The following is from our November issue. Forty-one symposium contributors were asked to respond to the question: Are you optimistic or pessimistic about America’s future?
It has become common to contrast the sunny optimism of Ronald Reagan, the 40th president of the United States, with the pessimism of our current president, Barack Obama. “Morning in America” versus disbelief in American exceptionalism. This is too simple a contrast, of course, and I do not, in fact, believe that pessimism about America is Obama’s problem. His problem is the condescension and arrogance with which he too often approaches his fellow citizens. In any case, I want to approach the optimism/pessimism contrast from three different angles.
First, and answering the question most directly, I am optimistic about America as a political community but rather pessimistic about America as a cultural community. Contrary to the constant calls that we hear for an end to partisanship, partisan politics serves us well. Disagreement and argument are essential to the health of a free people, and, unfortunately, many of those most given to regarding diversity as an undoubted good are the least willing to tolerate disagreement. But as long as we remain free to argue about our political aims and policies, I suspect we will not go too far wrong. Nevertheless, it does take a certain kind of citizen to engage in American politics, and too many of our children are growing up in a culture of failed marriages and broken homes. Such cultural disintegration does not produce the trust or trustworthiness that democratic politics requires. How the political and the cultural interact will in large measure shape our future.
Second, claiming a measure of agnosticism seems to me the right way to respond to this question. America’s future is finally in the providence of God, not in our hands. In the greatest political speech ever given in our country’s history, Lincoln—while fondly hoping and fervently praying that the bloody Civil War might cease—left the question of its duration up to the true and righteous judgments of the Lord. That seems right to me. What we need is not so much optimism or pessimism, but a willingness to carry out the public and private tasks set before us with care and devotion: “firmness in the right, as God gives us to see the right.” The results can be left in the hands of those more knowledgeable than us.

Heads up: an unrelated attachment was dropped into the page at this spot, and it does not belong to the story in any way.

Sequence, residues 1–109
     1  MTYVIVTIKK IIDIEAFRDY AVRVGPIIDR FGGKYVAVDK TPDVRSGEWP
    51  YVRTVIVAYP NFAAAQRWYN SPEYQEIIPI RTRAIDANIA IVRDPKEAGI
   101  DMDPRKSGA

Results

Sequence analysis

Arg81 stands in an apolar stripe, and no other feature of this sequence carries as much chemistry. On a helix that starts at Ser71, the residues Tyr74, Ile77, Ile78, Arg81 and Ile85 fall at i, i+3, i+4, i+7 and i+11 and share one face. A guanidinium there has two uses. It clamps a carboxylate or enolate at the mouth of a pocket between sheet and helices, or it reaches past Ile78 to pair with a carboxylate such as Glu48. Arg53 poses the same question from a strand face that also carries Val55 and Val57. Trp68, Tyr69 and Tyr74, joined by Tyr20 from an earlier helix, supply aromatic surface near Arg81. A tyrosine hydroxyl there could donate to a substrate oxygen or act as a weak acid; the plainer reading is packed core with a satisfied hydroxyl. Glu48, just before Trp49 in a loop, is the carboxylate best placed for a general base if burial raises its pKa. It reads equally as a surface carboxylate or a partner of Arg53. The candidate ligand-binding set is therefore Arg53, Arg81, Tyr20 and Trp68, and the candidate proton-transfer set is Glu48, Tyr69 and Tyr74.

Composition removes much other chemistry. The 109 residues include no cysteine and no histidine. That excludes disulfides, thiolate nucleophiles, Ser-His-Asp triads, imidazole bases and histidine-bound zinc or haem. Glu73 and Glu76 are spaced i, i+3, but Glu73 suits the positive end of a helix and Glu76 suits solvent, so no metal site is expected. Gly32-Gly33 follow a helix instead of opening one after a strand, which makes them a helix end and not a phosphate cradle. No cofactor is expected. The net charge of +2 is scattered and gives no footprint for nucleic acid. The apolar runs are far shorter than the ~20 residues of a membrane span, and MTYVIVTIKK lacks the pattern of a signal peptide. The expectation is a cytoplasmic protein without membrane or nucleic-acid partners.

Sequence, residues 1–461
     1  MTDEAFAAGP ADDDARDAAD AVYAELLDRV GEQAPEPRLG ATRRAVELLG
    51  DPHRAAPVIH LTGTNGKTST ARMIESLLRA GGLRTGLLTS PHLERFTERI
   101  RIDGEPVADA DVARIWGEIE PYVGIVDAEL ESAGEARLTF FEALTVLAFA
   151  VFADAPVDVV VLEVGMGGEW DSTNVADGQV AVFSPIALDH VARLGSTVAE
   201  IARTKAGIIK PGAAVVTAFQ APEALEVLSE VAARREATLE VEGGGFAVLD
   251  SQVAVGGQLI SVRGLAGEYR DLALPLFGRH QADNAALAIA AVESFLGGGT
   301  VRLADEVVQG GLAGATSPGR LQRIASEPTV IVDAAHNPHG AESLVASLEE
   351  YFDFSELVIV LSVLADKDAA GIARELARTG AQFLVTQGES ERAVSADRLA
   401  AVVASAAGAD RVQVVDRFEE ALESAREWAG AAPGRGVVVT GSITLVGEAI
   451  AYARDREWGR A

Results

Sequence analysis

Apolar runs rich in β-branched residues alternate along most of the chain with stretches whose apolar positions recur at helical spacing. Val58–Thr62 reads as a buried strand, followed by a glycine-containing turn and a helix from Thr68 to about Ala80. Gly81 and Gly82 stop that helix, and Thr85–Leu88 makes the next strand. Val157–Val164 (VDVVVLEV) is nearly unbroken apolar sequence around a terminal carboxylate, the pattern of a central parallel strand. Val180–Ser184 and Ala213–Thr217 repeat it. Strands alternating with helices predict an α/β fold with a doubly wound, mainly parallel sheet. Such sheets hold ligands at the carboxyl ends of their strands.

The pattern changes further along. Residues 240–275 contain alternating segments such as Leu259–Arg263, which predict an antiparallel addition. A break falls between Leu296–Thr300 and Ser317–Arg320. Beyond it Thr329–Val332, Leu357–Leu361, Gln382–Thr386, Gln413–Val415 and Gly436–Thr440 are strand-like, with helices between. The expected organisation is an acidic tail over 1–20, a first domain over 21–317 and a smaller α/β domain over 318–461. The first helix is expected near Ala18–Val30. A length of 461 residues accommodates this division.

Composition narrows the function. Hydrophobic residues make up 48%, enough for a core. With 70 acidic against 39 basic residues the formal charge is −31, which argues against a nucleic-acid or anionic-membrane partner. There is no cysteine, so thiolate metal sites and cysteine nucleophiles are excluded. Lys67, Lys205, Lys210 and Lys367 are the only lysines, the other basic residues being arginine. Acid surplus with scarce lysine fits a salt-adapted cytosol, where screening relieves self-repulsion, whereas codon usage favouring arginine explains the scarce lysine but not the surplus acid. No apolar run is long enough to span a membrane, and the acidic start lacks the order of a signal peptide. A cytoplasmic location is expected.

Finally, we can grant that there are plenty of political reasons for pessimism: an economy in which many people may be permanently unable to find work, the racial divide that has burdened our entire history and still does, the threat of Islamism around the world but especially in the Middle East, an aging population that is setting us up for a clash of generations. What we need in the face of such difficulties is not optimism but hope, and they are not the same. As G.K. Chesterton noted, external conditions can never—in good times or bad—give sufficient reason for hope. We need the virtue of hope precisely when circumstances seem to offer no grounds for optimism. “For practical purposes it is at the hopeless moment that we require the hopeful man, and the virtue either does not exist at all or begins to exist at that moment. Exactly when hope ceases to be reasonable, it begins to be useful.” Which means that the question that most needs our reflection is: How does one elicit, nourish, and sustain the virtue of hope?
Gilbert Meilaender is the Duesenberg Professor in Christian Ethics at Valparaiso University.